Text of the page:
As children have more access to the internet and devices in recent years, we’ve unfortunately also seen a rise in the act of cyberbullying. Cyberbullying is the act of bullying using digital devices and the internet. It is intended to scare, anger, or shame the intended victim and is usually a repeated behaviour, meaning it occurs multiple times to distress the victim. Some examples of cyberbullying include:
- Sharing compromising or embarrassing images of the victim without their consent
- Spreading rumours or lies about the victim
- Impersonating the victim and posting things or sending messages on their behalf to compromise their reputation
- Digital verbal abuse in messages or online games
- Prank phone calls or phone calls containing verbal abuse
While face-to-face bullying can result in physical wounds or scars, cyberbullying is often accompanied by psychological scars. Cyberbullying also leaves a digital footprint for both the aggressor and the victim. For example: if a compromising image is posted of the victim, there is a possibility that the image can be linked back to the poster, and appropriate consequences can take place. If the situation is not dealt with and the image not removed, there is also the possibility of potential employers or universities finding that image and their impression of the victim being skewed.
As a parent, it can be heart breaking to discover that your child is enduring abuse in the online world. So, what can we as parents do along with our children to stop a cyberbully once and for all?
For the children and teens falling victim to cyberbullying, the first thing is to note that what you are enduring is not your fault in the slightest. You are not responsible for the actions of someone else, you are only responsible for the way in which you react. So, do not respond to cyberbullying with more cyberbullying. Tell your bully to stop what they are doing and record any evidence of their threatening behaviour. If their behaviour is truly getting to you and upsetting you, you can block the bully and report them to the social media platform in question. If their actions go against their actions go against the South African Cybercrimes Act, they can be reported to the authorities and further actions will be taken. Know that it’s always okay to reach out for help. The first step would be to let your parents know what you are going through. Simply having a support system can help put your mind at ease.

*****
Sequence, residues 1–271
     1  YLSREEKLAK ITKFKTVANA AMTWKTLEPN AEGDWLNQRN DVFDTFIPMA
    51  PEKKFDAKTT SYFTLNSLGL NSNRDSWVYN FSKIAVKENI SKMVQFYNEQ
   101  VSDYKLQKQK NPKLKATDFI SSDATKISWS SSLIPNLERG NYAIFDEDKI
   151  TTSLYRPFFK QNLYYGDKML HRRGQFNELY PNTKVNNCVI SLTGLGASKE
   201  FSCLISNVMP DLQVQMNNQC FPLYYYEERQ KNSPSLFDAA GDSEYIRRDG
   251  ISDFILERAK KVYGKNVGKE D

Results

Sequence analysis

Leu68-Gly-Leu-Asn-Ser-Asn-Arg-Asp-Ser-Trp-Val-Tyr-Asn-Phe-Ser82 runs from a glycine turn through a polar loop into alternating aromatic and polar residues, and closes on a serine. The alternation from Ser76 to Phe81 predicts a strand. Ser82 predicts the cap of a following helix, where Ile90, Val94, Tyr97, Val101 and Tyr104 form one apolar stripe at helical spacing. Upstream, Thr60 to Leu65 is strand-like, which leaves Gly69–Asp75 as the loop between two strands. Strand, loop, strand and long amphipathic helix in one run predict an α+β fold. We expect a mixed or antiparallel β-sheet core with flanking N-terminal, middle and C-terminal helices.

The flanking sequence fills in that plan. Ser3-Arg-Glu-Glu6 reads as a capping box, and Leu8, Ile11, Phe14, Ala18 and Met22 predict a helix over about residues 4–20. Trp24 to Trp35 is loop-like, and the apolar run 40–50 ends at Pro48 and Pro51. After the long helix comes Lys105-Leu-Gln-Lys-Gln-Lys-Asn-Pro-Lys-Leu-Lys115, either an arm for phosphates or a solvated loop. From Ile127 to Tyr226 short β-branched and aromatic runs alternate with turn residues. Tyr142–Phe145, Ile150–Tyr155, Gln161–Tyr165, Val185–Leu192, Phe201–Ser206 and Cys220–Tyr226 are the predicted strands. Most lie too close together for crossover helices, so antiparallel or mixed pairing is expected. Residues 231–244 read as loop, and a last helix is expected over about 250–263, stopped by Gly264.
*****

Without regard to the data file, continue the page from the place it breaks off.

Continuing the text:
If someone you know is being bullied don’t stand by, stand up. Standing by while someone is being bullied can empower the bully, because they see that their actions are not resulting in any consequences, so when you know of someone being bullied, make sure that you let the bully know that their actions are unacceptable and will be reported.
Remember that it’s extremely important to keep all your accounts properly protected to avoid being hacked. Ensure that you have unique passwords for all your different accounts and make sure they are hard to guess. If you’re worried that you won’t remember all your passwords, you can use a free password manager like LastPass. Password managers store all your passwords in one place, and you only need to remember one “master password” to access them.
As a parent, know that if your child approaches you for help regarding a cyberbullying situation you are extremely lucky, as many youngsters will feel embarrassed or isolated and struggle with the situation on their own. Listen, and I mean really listen to your child and let them know that they are not alone. When responding, respond thoughtfully, not quickly. If and when you do respond to the cyberbully, you should know that you can actually make the situation worse if you do not respond thoughtfully. Sometimes, if the bully finds out that a parent is now involved in the situation, it can make the bullying even worse.
We all need to work together to eradicate, or at least decrease the amount of bullying and cyberbullying that is tolerated in our society. When faced with a cyberbullying situation that you successfully overcome, your sense of resilience grows, and it enables you to feel powerful enough to help others going through the same situation. It’s not something that can be easily taught to someone else, as we grow through personal experience, but it definitely helps to assist someone going through a similar tough time.